UN slaps arms embargo on Libya

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The United Nations Security Council has voted unanimously to impose an arms embargo on Libya and has frozen the assets of its leaders, while referring the ongoing violent repression of civilian demonstrators to the International Criminal Court (ICC). The vote was supported by South Africa and the other two African nations currently serving on the Council, Gabon and Nigeria.

South Africa’s ambassador to the UN told the world body Pretoria was “very gravely concerned about the situation in Libya” and would “work with the Council to ensure that everything is done to make the authorities in Libya stop their maiming and killing of the Libyan people. Everything must be done to heed the will of the Libyan people.” He added that with its vote South Africa was sending “a clear and unambiguous message to the Libyan authorities to end the carnage against its people.”

The UN News Service reports that in its Resolution 1970, the Council obligates all United Nations member states to “freeze without delay all funds, other financial assets and economic resources which are on their territories, which are owned or controlled, directly or indirectly, by the individuals or entities” listed in resolution.

The Council imposed a travel ban on leader Muammar Gadhafi and other senior figures in his administration, including some members of his family and other relatives. The Associated Press notes this includes four of his sons and a daughter. The council also backed a travel ban on the Gadhafi family and close associates, including leaders of the revolutionary committees accused of much of the violence against regime opponents.

The UNSC resolution adds that all “Member States shall immediately take the necessary measures to prevent the direct or indirect supply, sale or transfer to the Libyan Arab Jamahiriya, from or through their territories or by their nationals, or using their flag vessels or aircraft, of arms and related material of all types, including weapons and ammunition.” The arms embargo also prohibits Libya from exporting all arms and related materiel, and obligates UN member states to prevent the procurement of such items from Libya by their nationals.

The Council directed the Libyan authorities to cooperate fully with the ICC in its investigations of the situation in Libya since 15 February 2011, while recognising that the country is not party to the Rome Statute that created the Court,” the UN News Service adds. In their resolution, members of the Council said that they considered that the “widespread and systematic attacks currently taking place in the Libyan Arab Jamahiriya against the civilian population may amount to crimes against humanity.” The ICC’s Chief Prosecutor Luis Moreno-Ocampo was instructed to report back to the council in two months on his investigation.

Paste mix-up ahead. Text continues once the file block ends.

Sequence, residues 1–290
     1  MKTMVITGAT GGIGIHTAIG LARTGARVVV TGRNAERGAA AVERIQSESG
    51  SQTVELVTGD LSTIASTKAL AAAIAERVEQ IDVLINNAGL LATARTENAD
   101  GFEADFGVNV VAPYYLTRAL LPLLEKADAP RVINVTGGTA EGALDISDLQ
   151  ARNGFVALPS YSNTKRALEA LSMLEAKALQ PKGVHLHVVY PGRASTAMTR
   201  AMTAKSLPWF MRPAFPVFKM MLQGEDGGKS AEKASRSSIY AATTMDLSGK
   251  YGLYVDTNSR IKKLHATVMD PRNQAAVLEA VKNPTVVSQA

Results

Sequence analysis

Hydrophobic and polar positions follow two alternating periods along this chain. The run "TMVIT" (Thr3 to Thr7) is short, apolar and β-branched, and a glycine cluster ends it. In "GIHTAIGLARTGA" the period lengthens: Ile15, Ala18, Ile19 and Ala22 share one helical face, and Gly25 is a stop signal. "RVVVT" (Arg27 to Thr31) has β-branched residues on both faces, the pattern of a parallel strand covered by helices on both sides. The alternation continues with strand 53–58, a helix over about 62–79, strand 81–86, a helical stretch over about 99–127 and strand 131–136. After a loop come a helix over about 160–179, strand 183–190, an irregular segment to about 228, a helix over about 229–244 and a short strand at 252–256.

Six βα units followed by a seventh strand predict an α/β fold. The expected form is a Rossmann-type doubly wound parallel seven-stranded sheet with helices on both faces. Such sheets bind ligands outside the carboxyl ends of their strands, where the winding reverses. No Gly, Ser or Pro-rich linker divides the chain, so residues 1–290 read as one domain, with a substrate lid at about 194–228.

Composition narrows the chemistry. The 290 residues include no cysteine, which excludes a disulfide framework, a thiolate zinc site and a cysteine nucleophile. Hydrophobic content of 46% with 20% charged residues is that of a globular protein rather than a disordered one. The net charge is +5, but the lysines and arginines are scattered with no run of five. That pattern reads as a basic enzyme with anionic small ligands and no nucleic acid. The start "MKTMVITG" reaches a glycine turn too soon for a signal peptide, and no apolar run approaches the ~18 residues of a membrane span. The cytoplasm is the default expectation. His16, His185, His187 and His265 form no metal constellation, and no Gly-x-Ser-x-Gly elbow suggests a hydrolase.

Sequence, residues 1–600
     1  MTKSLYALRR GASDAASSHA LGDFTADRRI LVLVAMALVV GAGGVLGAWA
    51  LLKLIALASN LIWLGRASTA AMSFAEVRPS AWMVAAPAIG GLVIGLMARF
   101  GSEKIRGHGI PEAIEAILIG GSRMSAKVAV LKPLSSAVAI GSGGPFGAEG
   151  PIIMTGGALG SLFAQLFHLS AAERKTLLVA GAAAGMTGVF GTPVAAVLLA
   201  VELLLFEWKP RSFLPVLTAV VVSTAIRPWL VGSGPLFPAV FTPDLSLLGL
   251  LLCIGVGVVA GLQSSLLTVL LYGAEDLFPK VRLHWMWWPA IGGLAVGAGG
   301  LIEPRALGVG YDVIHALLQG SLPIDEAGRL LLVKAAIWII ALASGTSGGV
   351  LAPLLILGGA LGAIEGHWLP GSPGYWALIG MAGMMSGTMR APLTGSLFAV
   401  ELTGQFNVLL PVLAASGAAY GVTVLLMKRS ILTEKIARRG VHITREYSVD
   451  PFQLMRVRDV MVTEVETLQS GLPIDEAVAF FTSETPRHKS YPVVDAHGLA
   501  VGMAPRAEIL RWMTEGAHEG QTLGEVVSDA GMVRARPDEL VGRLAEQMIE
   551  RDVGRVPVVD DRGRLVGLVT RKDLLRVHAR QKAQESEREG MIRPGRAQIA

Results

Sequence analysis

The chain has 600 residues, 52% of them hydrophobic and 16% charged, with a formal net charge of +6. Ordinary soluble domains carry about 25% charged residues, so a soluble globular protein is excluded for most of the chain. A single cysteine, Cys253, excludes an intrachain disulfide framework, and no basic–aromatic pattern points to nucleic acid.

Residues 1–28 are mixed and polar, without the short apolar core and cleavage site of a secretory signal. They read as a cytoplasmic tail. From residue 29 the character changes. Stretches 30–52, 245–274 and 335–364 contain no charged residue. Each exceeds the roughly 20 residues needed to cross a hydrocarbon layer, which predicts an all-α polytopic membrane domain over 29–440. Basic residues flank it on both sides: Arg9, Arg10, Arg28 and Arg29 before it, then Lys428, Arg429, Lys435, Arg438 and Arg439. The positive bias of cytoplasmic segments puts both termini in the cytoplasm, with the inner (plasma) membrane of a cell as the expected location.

The Council demanded an immediate end to the violence and called for steps to fulfil “the legitimate demands of the population.” It called upon the Libyan authorities to ensure the safety of all foreign nationals and their assets, and to facilitate the departure of those wishing to leave the country. It also called for safe passage of humanitarian and medical supplies, and humanitarian agencies and workers, into Libya, and demanded the immediately lifting of restrictions on the media.

In remarks to the Security Council soon after the resolution was adopted, Secretary-General Ban Ki-moon welcomed the move, saying that while the measure cannot, by itself, end the violence and the repression, it is a clear expression of the will of a united community of nations. “The actions taken by the regime in Libya are clear cut violations of all norms governing international behaviour and serious transgressions of international human rights and humanitarian law,” said Ban.
“It is of great importance that the Council in response has reached the consensus and is determined to uphold its responsibilities for the maintenance of international peace and security,” he said.

He reiterated that peace and stability are at stake across the Arab world, adding that the world’s collective challenge is to provide real protection and halt the ongoing violence. “The text sends a strong message that gross violations of basic human rights will not be tolerated, and that those responsible for grave crimes will be held accountable. I hope the message is heard, and heeded, by the regime in Libya. I hope it will also bring hope and relief to those still at risk. The sanctions you have imposed are a necessary step to speed the transition to a new system of governance that will have the consent and participation of the people.”

Ban said he will continue to monitor the situation closely and remain in close touch with world and regional leaders to ensure their support for swift and concrete international action. “I would like to take this opportunity to express my solidarity with the people of Libya as they brave the bloodshed and as they cope with possible shortages of food and medical supplies and other humanitarian impacts. “As the Libyan people take their destiny into their hands, as is their right, I hope that the new future for which they yearn, peaceful, prosperous and democratic, will soon be theirs,” Ban added.



Reuters reports European Union governments will sign off on sanctions against Gadhafi and his government today, including its own arms embargo and bans on travel to the bloc.